Today is the U.N.'s annual International Day of Biological Diversity, an observance meant to raise awareness about the importance of -- and threats to -- the world's species. This year's theme, island biodiversity, calls attention to the astounding, unique marine life that often congregates around oceanic islands, which are also home to one-tenth of all people on Earth.
In fact, marine species play innumerable roles that underpin all of our welfare, whether you live near or far from the sea. Scott Henderson, vice president of Conservation International's Eastern Tropical Pacific Seascape program, shares a few that might surprise you.
These streamlined, lightning-fast swimmers not only underpin the food and livelihood security of millions of people -- they also act as top ocean predators that keep species populations in check to ensure a healthy balance between different levels in the food web. Drastic tuna population declines would likely have negative impacts on ocean health.
Practically at the opposite end of the size spectrum from tuna, which can attain gigantic proportions, billions of tiny krill -- small oceanic shrimp-like creatures -- serve as the foundation of food chains, especially in the southern oceans.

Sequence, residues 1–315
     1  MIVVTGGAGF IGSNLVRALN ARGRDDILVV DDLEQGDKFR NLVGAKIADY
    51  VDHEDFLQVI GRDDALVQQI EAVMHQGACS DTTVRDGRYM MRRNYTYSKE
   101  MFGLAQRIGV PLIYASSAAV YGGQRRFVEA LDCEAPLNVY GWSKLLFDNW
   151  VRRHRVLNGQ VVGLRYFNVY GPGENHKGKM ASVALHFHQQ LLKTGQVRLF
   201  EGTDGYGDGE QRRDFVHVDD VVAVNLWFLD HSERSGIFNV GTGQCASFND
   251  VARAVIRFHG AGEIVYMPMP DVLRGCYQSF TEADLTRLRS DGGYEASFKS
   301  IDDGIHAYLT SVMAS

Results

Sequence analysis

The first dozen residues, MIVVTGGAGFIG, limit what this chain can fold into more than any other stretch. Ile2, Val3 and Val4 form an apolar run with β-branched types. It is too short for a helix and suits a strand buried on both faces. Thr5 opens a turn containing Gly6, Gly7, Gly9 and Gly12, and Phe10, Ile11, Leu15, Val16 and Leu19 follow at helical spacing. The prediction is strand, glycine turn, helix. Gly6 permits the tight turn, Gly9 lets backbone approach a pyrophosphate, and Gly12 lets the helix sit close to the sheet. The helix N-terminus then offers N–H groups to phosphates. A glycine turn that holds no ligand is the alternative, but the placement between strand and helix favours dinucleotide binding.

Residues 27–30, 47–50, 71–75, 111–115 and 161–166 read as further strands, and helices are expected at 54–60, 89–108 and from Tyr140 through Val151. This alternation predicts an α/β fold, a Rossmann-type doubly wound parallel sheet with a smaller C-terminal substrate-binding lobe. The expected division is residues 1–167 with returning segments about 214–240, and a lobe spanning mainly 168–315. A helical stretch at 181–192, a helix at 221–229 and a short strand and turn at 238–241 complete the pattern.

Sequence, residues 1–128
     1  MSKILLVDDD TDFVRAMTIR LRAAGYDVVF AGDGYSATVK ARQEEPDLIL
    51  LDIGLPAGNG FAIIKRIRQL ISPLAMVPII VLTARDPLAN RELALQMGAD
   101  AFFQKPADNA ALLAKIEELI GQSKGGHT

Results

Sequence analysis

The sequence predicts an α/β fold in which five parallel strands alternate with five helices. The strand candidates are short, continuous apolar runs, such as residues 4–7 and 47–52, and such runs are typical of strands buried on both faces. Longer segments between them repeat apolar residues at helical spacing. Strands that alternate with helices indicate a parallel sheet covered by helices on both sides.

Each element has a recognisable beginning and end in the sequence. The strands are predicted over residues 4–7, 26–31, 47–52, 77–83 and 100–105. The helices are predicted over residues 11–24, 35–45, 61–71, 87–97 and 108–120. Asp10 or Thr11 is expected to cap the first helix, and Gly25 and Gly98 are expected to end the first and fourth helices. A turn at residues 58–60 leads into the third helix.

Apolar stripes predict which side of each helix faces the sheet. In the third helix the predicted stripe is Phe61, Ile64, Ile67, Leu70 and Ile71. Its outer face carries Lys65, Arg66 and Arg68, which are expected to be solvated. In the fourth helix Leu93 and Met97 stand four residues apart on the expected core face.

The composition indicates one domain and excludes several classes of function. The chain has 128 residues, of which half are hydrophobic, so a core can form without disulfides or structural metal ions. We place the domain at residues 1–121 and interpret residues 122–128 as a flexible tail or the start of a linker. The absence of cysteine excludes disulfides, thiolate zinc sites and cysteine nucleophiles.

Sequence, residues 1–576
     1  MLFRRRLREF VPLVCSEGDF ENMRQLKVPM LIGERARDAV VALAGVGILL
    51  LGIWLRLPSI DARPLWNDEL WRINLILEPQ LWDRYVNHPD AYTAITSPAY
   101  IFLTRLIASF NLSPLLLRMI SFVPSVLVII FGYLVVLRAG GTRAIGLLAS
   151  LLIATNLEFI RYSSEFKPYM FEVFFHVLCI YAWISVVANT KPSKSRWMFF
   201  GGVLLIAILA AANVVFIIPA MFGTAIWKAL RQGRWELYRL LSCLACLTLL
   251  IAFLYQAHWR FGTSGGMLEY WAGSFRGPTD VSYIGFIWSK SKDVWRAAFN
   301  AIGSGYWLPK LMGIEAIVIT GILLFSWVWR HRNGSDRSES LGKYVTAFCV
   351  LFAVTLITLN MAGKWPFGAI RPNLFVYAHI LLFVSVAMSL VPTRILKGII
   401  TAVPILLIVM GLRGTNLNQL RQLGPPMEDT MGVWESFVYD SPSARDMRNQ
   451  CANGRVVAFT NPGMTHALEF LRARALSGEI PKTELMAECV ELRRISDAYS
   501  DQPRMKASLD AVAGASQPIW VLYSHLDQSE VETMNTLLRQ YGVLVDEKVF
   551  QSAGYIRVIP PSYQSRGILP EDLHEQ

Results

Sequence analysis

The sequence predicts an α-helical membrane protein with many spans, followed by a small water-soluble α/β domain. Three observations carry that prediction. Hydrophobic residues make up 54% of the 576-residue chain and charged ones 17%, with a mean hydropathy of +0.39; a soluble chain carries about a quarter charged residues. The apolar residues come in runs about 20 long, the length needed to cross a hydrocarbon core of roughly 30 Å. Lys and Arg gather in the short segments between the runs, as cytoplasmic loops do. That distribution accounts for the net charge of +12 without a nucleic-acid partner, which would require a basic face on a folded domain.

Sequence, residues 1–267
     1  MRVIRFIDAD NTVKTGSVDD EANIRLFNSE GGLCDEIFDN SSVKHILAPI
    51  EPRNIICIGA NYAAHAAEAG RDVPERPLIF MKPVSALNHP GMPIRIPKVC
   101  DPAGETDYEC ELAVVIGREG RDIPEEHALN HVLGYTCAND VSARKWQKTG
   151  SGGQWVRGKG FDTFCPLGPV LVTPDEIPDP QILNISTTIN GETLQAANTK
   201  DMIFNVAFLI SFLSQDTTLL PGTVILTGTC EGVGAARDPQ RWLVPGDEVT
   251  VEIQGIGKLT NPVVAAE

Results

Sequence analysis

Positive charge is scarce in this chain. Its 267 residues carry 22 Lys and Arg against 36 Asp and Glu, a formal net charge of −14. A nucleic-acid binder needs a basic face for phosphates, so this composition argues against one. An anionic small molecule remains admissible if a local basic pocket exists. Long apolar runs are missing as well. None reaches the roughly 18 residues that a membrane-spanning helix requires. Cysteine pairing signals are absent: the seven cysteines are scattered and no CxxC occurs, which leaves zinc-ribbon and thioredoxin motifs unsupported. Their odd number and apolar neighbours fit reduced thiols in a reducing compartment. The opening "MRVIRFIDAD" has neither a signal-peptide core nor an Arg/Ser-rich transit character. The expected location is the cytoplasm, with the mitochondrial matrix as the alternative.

Forming stately forests that cover hundreds of unbroken miles of coastline in some areas, mangroves provide coastal societies with protection from extreme weather events and serve as nursery areas for many species, including fish that are important for both local food security and national revenues.
These single-celled, glass covered, free-floating (planktonic) organisms are the most abundant marine species on Earth and sustain the majority of the ocean's productivity. Without them serving as vast quantities of food for everything else, there would be few more complex life forms. Additionally, diatoms produce much of the oxygen we need.
Read the full post on Conservation International's blog, Human Nature.